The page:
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However, while Edwards’ eye for composition and cultural iconography undoubtedly yield a genuinely exceptional film, Monsters is let down by its more human elements.
On one level, Sam and Kaulder are nothing more than lenses through which the audience can experience the tonal and visual shifts of the film. Much of their screen-time is devoted to them reacting to the world as they see it, thereby informing us how we should and should not interpret the images on screen (“the vibe has changed” whispers Kaulder at one point). However, on another level, the characters are also a microcosm of the film’s political and cultural attitudes for, if Monsters is concerned with our attitudes towards the unknown, then it is their attitudes towards the unknown that drive the characters and their relationship.
For example, Kaulder is introduced as a profoundly mercenary individual who seeks out the strange purely in order to benefit from it. We can see this in his desire to take photos of creature victims and his desire to bed Sam because she is not his wife. Similarly, Sam is both fearful and open to the world in the way that most tourists tend to be. She can speak a little Spanish, she has some interest in local culture but what she really wants to do is get home.
As the film progresses, the characters undergo some degree of change as Kaulder starts to appreciate the other for the sake of its beauty (he eventually stops taking pictures even though he would make a fortune selling them), and Sam comes to realise that she does not really want to go home as there is nothing there for her that she really wants. Once this change in the characters has taken place, the American military are not so much rescuing them as they are dragging them back to the grim and toxic reality that the characters now want to be free of.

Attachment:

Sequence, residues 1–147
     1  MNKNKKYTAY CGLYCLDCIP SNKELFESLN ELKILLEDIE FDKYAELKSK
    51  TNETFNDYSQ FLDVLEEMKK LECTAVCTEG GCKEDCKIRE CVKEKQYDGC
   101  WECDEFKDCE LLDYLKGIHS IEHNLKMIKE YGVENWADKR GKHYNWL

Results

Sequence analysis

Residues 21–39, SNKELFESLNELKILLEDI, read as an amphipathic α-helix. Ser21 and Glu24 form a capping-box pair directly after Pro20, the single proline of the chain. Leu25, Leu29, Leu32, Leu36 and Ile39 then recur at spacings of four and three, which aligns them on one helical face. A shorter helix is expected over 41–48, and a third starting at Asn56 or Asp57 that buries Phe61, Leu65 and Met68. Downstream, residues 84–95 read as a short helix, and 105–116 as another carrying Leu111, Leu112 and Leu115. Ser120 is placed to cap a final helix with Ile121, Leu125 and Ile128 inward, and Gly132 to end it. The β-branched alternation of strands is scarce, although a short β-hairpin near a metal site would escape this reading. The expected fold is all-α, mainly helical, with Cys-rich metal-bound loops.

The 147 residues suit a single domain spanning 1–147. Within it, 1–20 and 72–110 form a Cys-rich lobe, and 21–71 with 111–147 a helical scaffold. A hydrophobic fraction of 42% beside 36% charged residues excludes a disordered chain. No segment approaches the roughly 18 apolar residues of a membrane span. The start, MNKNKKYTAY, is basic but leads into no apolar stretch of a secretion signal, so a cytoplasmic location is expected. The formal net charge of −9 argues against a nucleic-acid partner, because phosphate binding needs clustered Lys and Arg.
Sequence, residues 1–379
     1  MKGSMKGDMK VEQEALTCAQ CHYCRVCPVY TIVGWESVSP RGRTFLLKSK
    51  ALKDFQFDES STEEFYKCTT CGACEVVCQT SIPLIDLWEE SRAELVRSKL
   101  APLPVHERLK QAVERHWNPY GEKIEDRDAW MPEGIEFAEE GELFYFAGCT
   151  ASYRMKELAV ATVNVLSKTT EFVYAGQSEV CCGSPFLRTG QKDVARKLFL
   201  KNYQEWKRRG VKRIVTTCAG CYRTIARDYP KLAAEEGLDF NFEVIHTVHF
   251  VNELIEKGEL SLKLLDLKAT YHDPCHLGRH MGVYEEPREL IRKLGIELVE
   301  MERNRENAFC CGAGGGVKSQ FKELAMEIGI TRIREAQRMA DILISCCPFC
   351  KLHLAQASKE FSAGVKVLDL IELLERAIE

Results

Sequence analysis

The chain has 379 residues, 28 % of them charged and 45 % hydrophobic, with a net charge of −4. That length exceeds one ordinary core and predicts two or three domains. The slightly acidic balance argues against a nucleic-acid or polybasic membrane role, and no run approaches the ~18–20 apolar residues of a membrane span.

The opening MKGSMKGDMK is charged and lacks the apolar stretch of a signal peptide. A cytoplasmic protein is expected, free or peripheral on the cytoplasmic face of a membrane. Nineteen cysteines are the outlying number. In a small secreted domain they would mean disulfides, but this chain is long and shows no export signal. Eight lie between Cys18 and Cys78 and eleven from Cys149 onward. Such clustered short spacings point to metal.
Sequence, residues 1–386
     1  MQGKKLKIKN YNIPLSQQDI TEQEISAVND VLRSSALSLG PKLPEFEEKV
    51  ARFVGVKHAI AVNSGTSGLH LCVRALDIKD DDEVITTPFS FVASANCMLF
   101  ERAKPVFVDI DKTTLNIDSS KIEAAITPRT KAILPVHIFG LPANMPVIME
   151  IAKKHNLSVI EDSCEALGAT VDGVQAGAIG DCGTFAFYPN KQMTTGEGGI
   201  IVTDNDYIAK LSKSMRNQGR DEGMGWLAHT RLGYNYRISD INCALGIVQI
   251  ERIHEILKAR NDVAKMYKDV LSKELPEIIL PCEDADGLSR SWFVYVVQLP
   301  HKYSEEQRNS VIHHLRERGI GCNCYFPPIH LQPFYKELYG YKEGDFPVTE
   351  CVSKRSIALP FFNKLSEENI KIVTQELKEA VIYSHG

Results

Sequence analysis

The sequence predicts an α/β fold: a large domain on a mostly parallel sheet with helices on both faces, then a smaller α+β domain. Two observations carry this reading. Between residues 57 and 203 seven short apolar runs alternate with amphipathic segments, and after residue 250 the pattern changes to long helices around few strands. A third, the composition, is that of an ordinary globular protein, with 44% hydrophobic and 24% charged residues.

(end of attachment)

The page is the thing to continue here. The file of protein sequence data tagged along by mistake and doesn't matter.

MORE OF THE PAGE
While Sam and Kaulder’s individual journeys make perfect sense, they make little sense in the context of a relationship. Throughout the film, Edwards hints that the couple might be falling for each other but this simply never convinces and so the relationship never feels like anything more than an attempt to slap an emotional fig leaf on what is ultimately a film driven-by and interested in ideas.
The DVD comes with an extensive suite of extras including a fascinatingly candid behind-the-scenes documentary that shows how the film was shot and how the small cast and crew worked together to bring the project to fruition. What makes this documentary so fascinating is that it really conveys the tentative nature of the production process and how cast and crew spent most of filming trying different things to see how they would turn out before pretty much creating the final film in the editing suite.
This atmosphere of almost playful experimentation also comes through in the decent but hardly world-beating commentary track featuring Edwards and the two leads. With so much experimentation going on during the production process, it might have been nice to see some of the deleted scenes in order to get an impression as to what film Monsters might have become, but with nearly two hours of extra features already included, I can understand why none of the footage made it on to the DVD. Overall, this is a thoroughly excellent film and an entirely laudable DVD release that deserves to sell a lot of copies.